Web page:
Skip to Content

Protect Your Blueberries from Birds & Other Animals

I love watching the hummingbirds flitting about the scarlet bee balm in the backyard. When it comes to keeping the cabbage worms in check, it’s hard to beat the local bluebird population. All in all, I enjoy the birds that visit our yard, and I go out of my way to attract them.

But when my blueberries start to ripen, those warm, fuzzy feelings toward the birds grow cold.

They can have the seed I put out and all the bugs that are trying to destroy my vegetable garden, but they may not have my blueberries. It’s infuriating seeing the crop I worked so hard to grow eaten and picked apart. And if you’re reading this, then I’m sure you know what I mean.

Thankfully, there are quite a few easy and inexpensive methods of keeping birds and blueberries apart. Let’s jump in!

When Do You Need to Start Protecting Blueberries

You only need to use some sort of deterrent while the blueberries are ripe. Like us, birds pay little attention to green berries and are only interested once blueberries are ripe. Once the green berries begin to get that first blush of blue, it’s time to protect them. Keep them protected until you’ve finished harvesting all of your berries for the season.

Naturally, this also depends on how you’re protecting your berries.

If you’re using some sort of shelter with netting, you might choose to keep it in place all year. Just be sure whatever you use doesn’t prevent pollinators from reaching the flowers in the spring and that you can easily access the bushes for pruning.

Ways to Protect Blueberries from Birds & Animals

Bird Netting

Bird netting seems to be the go-to for many folks, and it’s extremely effective at keeping birds and other animals away.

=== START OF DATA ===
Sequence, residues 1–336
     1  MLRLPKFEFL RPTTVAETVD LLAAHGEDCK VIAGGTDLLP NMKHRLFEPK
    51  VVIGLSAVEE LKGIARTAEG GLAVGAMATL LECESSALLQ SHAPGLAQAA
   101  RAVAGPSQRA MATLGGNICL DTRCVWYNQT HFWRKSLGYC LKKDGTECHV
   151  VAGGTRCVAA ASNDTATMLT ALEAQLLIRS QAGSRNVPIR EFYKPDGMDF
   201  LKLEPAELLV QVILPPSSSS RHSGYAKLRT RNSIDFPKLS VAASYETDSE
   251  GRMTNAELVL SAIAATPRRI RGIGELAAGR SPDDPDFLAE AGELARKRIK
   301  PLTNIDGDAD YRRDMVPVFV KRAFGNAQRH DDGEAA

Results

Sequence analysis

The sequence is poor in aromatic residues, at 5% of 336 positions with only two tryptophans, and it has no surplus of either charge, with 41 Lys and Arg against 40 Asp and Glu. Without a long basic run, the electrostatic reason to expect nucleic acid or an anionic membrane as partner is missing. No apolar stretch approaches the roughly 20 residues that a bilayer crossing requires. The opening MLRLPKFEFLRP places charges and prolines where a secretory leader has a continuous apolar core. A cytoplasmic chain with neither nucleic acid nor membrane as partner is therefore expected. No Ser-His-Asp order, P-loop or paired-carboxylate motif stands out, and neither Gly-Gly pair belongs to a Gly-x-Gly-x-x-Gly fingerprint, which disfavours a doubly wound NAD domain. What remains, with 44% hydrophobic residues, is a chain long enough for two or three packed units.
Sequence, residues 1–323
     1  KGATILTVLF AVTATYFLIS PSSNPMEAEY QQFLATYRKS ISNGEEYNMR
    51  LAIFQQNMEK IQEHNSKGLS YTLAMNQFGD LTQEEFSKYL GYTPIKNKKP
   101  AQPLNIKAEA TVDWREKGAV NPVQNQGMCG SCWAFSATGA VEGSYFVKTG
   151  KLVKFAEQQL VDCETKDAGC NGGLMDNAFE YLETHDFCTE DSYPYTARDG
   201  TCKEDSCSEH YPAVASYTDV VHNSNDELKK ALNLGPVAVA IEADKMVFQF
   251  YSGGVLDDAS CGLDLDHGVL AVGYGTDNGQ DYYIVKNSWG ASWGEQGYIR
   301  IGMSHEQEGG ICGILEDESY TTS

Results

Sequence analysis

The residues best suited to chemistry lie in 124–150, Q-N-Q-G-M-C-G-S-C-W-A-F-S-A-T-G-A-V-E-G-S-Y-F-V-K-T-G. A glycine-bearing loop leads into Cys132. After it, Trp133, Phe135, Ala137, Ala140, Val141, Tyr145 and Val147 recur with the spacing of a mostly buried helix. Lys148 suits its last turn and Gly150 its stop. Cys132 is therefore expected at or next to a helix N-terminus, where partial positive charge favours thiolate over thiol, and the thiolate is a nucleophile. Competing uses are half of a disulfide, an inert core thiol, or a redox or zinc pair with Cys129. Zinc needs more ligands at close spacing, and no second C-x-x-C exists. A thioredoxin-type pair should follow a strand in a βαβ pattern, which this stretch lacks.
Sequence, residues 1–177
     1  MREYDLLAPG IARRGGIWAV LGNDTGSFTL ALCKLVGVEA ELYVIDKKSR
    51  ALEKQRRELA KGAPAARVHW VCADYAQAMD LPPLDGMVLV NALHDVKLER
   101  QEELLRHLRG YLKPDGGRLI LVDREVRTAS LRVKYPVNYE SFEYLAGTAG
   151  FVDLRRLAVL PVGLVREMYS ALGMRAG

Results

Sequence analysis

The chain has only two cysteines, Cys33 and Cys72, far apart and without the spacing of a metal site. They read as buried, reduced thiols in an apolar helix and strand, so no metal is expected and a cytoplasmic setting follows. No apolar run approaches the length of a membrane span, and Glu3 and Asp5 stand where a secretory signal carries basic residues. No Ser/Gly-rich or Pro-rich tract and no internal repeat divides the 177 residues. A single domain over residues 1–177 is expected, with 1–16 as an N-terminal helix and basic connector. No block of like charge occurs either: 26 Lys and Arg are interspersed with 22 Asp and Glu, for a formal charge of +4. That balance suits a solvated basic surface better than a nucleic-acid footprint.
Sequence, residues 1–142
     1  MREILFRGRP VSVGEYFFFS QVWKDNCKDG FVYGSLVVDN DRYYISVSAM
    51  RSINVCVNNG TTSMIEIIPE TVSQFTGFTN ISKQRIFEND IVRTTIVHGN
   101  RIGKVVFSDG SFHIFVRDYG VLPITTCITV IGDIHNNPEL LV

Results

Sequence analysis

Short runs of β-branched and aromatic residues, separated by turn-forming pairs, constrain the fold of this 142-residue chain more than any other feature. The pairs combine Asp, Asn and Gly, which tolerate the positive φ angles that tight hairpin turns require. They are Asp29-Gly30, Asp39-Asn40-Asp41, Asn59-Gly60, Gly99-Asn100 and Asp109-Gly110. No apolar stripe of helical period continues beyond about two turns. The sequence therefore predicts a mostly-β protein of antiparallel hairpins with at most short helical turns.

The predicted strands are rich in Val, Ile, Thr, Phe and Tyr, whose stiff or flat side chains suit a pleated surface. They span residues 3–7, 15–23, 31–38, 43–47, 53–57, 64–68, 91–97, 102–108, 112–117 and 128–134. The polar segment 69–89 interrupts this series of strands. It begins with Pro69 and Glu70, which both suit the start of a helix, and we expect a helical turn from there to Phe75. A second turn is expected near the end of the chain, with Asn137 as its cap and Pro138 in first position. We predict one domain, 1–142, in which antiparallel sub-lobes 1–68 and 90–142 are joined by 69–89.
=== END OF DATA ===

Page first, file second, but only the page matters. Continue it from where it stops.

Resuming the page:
However, it’s a down-right pain to work with if you’re not using some sort of frame to attach it to. If you’re simply draping it over your blueberry bushes, you’re going to have a rough go with it.

As my partner complained while dealing with it:

  • It sags
  • It catches on everything, including the blueberry bushes
  • Every time you go to adjust it, it pops blueberries off the bushes.

Not to mention, if you’re using it loose, it’s easy for a bird to become entangled in the netting. While we don’t want them to eat our blueberries, we aren’t out to harm them either.

If you’re going to use bird netting effectively, it should be stretched taut and stapled to a frame that either houses each blueberry bush, or that is built to shelter all of them. Here’s a tutorial on how to build a bird netting frame for blueberries using PVC pipes and zip ties.

For the next few suggestions, might I suggest you hit up your local Dollar Store? These bird deterrents are all quick, easy and very cheap to use.

Grape Kool-Aid

Yes, you read that right; the purple sugary drink we all used to imbibe as kids is an effective and cheap way of keeping birds away from your blueberries. But you have to use the grape variety for it to work. Grape Kool-Aid contains methyl anthranilate. (It’s an ester of anthranilic acid and has a notable grape taste and smell, making it the perfect flavoring agent for grape drinks and candies.)

While many a small child loves the flavor of methyl anthranilate, birds hate it.

Mix four packets of grape Kool-Aid into a gallon of water and pour into a sprayer. Spray your blueberries liberally. You’ll need to reapply it each time it rains, but for about $1.50, you can make a cheap, easy and effective bird deterrent. You can also use this to keep birds from eating cherries and grapes.

Pinwheels

It seems the dollar store always has these fun childhood favorites in stock. Look for the shiny ones, as the flashing and movement are what scares birds away. Poke them in the ground around your blueberry bushes as your berries begin to ripen. Place a few in the bushes themselves.

For these to work well, it helps to move them every few days to prevent the birds from getting accustomed to them. Also, you only want to use them when you’re harvesting blueberries. Set them out when the berries start ripening, and then bring them in once your blueberry harvest is finished. Again, this keeps the birds from getting used to them.